Nathaniel Hawthorne
[Writer, b. 1804, Salem, Massachusetts, d. 1864, Plymouth, New Hampshire.]

 I was really a little startled at recognizing myself apart from myself. (On seeing his first photographic portrait.) 

Joyce Tenneson
[Photographer, b. 1945, Weston, Massachusetts, lives in New York.]

 A true portrait can never hide the inner life of its subject. It is interesting that in our culture we hide and cover the body, yet our faces are naked. Through a person’s face we can potentially see everything—the history and depth of that person’s life as well as their connection to an even deeper universal presence. 

Philippe Halsman
[Photographer, b. 1906, Riga, Latvia, d. 1979, New York.]

 In a jump the subject, in a sudden burst of energy, overcomes gravity. He cannot simultaneously control his expressions, his facial and his limb muscles. The mask falls. The real self becomes visible. One only has to snap it with the camera.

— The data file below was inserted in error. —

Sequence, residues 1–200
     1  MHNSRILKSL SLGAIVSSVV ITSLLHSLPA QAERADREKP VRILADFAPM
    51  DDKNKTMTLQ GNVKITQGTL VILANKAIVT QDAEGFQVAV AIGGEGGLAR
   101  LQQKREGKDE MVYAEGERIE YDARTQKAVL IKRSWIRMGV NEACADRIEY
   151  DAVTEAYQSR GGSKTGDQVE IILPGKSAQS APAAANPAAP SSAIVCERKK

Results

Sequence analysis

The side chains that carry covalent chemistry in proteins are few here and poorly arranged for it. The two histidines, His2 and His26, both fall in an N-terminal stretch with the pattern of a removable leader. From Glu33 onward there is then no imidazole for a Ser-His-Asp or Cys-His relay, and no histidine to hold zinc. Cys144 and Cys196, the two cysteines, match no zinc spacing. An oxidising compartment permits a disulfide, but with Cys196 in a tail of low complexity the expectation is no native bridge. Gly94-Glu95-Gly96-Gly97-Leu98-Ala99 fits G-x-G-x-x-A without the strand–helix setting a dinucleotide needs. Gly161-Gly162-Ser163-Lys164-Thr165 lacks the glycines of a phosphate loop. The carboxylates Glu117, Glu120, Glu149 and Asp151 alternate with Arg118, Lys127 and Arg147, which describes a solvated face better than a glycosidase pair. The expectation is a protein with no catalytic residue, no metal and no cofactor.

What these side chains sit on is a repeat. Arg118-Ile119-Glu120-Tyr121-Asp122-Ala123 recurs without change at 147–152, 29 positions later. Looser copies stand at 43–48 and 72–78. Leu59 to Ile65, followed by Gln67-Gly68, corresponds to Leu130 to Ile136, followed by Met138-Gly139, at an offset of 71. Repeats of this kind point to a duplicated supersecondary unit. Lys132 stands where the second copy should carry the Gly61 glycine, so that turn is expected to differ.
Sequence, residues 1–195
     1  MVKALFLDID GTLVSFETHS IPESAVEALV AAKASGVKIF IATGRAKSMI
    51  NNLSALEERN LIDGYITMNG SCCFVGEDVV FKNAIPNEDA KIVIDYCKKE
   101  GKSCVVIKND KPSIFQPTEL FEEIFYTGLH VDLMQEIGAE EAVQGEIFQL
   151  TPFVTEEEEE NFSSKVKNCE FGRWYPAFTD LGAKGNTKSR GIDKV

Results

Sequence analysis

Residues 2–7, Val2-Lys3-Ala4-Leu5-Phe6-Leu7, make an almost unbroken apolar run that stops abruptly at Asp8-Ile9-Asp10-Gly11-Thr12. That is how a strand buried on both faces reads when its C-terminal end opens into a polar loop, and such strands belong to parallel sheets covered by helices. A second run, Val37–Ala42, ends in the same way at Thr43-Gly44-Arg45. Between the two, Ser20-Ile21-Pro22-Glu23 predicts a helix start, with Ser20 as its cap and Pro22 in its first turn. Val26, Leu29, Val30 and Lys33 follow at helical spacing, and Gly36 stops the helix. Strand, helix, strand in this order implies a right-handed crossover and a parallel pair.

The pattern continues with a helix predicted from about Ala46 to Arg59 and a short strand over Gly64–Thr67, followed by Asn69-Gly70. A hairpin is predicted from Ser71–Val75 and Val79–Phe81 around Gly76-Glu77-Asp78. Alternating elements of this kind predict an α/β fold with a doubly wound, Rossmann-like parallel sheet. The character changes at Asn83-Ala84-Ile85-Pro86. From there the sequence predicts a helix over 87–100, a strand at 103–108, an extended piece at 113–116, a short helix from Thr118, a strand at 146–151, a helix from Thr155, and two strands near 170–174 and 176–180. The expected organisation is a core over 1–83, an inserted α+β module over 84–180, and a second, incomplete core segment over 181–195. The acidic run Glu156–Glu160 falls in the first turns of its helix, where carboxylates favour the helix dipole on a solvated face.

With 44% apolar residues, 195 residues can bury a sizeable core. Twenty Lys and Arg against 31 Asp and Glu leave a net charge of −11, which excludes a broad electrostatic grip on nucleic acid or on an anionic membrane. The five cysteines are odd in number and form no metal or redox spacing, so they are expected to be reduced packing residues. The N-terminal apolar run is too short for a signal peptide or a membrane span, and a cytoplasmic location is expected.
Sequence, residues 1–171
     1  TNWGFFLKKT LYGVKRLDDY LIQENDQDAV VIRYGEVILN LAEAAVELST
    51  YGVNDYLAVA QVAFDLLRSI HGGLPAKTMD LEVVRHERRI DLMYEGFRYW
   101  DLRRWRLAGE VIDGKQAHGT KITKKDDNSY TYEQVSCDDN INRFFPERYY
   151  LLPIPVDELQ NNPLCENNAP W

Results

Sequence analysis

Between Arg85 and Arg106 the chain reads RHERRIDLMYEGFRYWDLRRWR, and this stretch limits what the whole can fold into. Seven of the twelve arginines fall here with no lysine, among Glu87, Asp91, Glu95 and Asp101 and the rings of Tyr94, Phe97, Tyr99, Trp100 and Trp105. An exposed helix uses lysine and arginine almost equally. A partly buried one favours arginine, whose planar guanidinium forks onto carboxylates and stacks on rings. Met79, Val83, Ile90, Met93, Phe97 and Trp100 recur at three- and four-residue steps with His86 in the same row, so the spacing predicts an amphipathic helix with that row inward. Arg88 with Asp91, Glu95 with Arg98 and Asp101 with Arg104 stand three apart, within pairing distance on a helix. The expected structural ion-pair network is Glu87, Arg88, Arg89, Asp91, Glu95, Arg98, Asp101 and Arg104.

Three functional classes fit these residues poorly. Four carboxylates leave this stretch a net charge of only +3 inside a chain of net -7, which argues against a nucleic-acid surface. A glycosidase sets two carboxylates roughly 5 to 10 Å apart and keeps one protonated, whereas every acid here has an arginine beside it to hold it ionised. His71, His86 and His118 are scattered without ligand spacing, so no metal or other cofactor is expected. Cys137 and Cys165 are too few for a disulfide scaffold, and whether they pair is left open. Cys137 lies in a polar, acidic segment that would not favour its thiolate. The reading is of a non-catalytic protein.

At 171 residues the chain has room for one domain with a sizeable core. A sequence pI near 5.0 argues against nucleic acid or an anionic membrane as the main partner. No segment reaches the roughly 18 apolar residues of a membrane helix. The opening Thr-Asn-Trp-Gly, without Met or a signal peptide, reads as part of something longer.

William Mortensen
[Photographer and writer, b. 1897, Park City, Utah, d. 1965, Laguna Beach, California.]

 Thoughts and emotions cannot be photographed, despite the protestations of some mystically minded portraitists. Physical fact is ultimately the sole pictorial material. 

Franz Kafka
[Writer, b. 1883, Prague, d. 1924, Prague.]

 We photograph things in order to drive them out of our minds. 

Duane Michals
[Photographer, b. 1932, McKeesport, Pennsylvania, lives in New York.]

 Photography books often have titles like The Photographer’s Eye or The Vision of So and So or Seeing Photographs—as if photographers didn’t have minds, only eyes. 

Shomei Tomatsu
[Photographer, b. 1930, Nagoya, Japan, d. 2012, Okinawa, Japan.]

 Sometimes a photographer is a passenger, sometimes a person who stays in one place. What he watches changes constantly, but his watching never changes. He doesn’t examine like a doctor, defend like a lawyer, analyze like a scholar, support like a priest, make people laugh like a comedian, or intoxicate like a singer. He only watches. This is enough. No, this is all I can do. All a photographer can do is watch. Therefore, a photographer has to watch all the time. He must face the object and make his entire body an eye. A photographer is someone who wagers everything on seeing. 

William Burroughs
[Writer, b. 1914, St. Louis, Missouri, d. 1997, Lawrence, Kansas.]

 Open your mind and let the pictures out. 
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